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  1. P Mathema2,
  2. C Ranson1,
  3. I Moore1
  1. 1Sports injury Research Group, Cardiff School of Sport, Cardiff Metropolitan University, Cardiff, United Kingdom
  2. 2Welsh Rubgy Union, Cardiff, United Kingdom


Background Injury surveillance may provide valuable information regarding relationships between initial and subsequent injuries. Subsequent Injury Categorisation (SIC) may be useful in sports such as rugby that have high rates of re-injury amongst elite players.

Objective To identify types, rates and potential risk factors for injury, and subsequent injury, in international rugby players.

Design Prospective injury surveillance using consensus methods and SIC.

Setting Tier 1 international and professional rugby.

Participants Players from one national team squad over two years.

Risk factor assessment Injury types, rates and severity, according to team (national or club), mechanism and activity (training or match) at time of injury, and SIC.

Main outcome measurement Training and match injury incidence (per 100 days), prevalence (% of players unavailable) and average days-lost per injury were calculated for each variable along with the percentage of injuries within each SIC.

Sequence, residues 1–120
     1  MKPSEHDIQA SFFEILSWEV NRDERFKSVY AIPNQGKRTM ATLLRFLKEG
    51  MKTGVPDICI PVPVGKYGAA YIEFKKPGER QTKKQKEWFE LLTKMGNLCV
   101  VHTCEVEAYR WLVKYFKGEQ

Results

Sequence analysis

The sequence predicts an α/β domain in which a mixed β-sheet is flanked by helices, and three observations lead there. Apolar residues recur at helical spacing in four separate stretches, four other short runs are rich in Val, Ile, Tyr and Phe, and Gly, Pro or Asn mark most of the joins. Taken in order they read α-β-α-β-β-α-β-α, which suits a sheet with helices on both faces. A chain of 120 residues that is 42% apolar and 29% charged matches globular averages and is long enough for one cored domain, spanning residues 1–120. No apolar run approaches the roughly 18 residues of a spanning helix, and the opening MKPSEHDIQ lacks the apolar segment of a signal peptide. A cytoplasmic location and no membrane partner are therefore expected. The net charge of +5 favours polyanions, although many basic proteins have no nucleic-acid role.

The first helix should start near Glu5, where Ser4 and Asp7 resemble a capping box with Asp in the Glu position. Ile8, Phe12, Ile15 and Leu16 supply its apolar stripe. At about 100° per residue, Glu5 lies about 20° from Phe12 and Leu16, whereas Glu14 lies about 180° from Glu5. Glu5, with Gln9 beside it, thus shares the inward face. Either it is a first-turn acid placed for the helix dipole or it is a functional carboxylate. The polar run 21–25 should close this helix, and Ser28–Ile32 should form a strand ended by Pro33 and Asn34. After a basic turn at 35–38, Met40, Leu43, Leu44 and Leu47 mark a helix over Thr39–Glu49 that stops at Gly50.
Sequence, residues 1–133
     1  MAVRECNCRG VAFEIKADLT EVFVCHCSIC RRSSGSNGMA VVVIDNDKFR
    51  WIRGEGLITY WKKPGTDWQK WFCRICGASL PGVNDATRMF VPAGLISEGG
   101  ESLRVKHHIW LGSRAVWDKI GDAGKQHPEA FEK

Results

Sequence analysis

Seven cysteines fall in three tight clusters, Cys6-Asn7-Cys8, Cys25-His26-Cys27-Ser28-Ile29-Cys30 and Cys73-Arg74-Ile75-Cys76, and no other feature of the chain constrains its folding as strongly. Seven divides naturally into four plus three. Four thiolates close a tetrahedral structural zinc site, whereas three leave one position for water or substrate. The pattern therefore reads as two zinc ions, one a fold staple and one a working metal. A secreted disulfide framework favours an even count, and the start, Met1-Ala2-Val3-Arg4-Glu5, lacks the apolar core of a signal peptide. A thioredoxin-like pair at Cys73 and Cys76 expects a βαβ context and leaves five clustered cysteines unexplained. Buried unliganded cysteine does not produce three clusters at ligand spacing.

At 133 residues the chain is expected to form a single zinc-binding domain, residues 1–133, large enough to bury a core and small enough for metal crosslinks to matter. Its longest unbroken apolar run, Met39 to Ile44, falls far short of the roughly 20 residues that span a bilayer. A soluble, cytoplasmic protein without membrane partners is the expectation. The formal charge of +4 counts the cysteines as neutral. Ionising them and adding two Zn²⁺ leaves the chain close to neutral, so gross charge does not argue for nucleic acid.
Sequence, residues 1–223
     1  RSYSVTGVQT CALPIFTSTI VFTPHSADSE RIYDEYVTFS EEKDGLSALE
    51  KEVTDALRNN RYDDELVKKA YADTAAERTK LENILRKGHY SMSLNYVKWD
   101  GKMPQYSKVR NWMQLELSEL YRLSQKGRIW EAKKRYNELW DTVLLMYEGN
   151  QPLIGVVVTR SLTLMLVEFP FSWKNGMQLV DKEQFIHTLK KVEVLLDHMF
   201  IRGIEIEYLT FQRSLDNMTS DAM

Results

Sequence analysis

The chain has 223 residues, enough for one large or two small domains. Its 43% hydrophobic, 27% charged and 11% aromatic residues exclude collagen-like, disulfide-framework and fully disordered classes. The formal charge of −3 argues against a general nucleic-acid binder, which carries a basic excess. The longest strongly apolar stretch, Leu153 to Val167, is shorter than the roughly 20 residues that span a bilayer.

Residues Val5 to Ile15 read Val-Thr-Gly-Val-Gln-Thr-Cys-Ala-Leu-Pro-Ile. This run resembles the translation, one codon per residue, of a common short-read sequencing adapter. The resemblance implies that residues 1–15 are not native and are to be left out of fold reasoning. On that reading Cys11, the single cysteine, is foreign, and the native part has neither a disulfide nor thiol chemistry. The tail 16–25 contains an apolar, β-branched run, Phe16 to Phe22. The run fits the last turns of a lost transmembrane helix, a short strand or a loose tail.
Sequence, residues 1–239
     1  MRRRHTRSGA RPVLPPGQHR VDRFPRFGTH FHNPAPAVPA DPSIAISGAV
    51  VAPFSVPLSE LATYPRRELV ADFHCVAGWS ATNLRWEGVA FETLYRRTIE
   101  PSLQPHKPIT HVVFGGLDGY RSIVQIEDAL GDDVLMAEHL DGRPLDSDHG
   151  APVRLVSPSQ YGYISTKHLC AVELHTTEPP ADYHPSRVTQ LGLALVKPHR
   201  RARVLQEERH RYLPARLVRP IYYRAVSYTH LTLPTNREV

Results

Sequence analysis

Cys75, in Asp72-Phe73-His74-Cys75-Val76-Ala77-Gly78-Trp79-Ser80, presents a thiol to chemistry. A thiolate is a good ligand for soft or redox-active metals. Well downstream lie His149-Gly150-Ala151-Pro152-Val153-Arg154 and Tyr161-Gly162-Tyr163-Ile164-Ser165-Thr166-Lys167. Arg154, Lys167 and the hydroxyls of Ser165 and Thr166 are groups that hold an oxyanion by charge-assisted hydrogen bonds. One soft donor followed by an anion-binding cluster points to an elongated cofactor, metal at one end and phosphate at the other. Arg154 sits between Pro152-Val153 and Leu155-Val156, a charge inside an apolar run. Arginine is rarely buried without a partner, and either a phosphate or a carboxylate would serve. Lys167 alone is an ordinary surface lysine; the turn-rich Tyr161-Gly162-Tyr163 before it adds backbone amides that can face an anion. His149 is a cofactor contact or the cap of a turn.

Results Overall incidence was 44/100 days (match 30/100 days, training 9/100 days), prevalence was 21% and 16 days were lost per injury. International incidence was highest (25 vs. 19/100 days), but days-lost per injury was greater for club injuries (19 vs. 14 days). Incidence and prevalence was greatest for international impact injuries (11 vs. 6/100 days, 7 vs. 4%), but there were a similar number of days-lost per injury (21 days). During international campaigns the anterior thigh, knee and lower leg regions had the highest injury rates, whilst on Club duty the hip, knee and shoulder were highest. Twenty-nine percent of the 252 subsequent injuries were coded as being related to a previous injury. Fourteen percent of subsequent injuries were a direct recurrence.

Conclusions High incidence of impact injuries in international rugby may be due to greater number of contact events. Injury prevention strategies may need to target different body areas for international vs. club rugby. SIC analysis may allow subsequent injury risk to be better managed.

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